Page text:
Francie Molloy (Sinn Féin) 17,462 (46.9%, -5.1%)
Nigel Lutton (Independent) 12,781 (34.4%, +1.7%)
Patsy McGlone (SDLP) 6,478 (17.4%, +3.1%)
Eric Bullick (Alliance) 487 (1.3%, +0.3%)
Turnout 37208; Spoilt 223 (0.6%)
There is not much to be said. Everyone has reason to celebrate.
Molloy was always going to win, and his problem was to get voters who already knew that to turn out in bad weather; 46.9% is at the lower end of SF expectations, but it's on rather than off the scale (in fact, only a hair lower than Martin McGuinness got here in 2005).
The united Unionist vote is above my expectations. I was fooled by Lutton's apparent weakness as a candidate, but of course not being on the ground I could not see how he was doing on doorsteps. I also could not see how effective the combined Unionist ground game was.
At any rate, the proposition that a united Unionist candidate will always get a lower vote share has now been disproved. But a 1.3% increase is not exactly seismic, and as with the Shinners, the result is much the same as DUP and UUP combined in 2005.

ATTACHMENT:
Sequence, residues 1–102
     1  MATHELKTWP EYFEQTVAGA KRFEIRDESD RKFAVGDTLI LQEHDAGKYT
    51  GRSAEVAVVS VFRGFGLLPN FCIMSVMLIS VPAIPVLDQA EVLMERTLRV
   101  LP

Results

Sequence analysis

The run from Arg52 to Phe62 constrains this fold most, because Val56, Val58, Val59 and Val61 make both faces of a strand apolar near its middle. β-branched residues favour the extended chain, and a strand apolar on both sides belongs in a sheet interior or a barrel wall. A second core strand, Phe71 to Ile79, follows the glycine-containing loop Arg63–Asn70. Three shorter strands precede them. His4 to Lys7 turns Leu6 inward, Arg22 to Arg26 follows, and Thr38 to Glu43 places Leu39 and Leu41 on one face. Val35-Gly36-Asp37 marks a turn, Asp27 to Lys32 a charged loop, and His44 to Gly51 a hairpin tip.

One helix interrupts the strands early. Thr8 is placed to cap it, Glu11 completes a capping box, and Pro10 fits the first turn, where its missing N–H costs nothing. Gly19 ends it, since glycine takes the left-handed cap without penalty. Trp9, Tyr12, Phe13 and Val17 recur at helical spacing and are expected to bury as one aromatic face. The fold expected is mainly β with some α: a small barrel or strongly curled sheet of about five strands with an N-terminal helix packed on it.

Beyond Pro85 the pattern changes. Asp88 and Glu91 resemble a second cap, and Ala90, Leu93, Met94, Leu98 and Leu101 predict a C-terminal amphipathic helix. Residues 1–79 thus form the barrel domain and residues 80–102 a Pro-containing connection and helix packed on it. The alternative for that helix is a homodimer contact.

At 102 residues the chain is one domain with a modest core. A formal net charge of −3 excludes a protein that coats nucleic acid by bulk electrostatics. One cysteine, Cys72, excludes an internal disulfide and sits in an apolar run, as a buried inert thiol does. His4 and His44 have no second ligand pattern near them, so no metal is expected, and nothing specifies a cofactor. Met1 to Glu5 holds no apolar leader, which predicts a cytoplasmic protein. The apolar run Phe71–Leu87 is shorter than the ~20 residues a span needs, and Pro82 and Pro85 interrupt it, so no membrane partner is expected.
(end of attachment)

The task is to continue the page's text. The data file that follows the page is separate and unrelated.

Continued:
McGlone's vote share is exactly what he got in 2005. The SDLP's direction of travel from recent nadirs appears to be upwards, but there is still quite a long way to go.
When I was involved with Alliance in the mid-90s, the party had but a handful of members in Magherafelt and none at all in Cookstown. Again, a percentage increase - indeed, an actual increase in real votes, from 395 to 487 - is cause for celebration but doesn't signify much else.
These results, if replicated in an Assembly election, would deliver three seats for SF, two Unionists and one SDLP, just like every other election since 1998.
As with the West Belfast by-election in 2011, SF hold one of their safest seats with a reduced majority and lower turnout, and there are no surprising shifts in popular support. (Actually, West Belfast was more interesting last time because of the performance of the People Before Profit candidate.)
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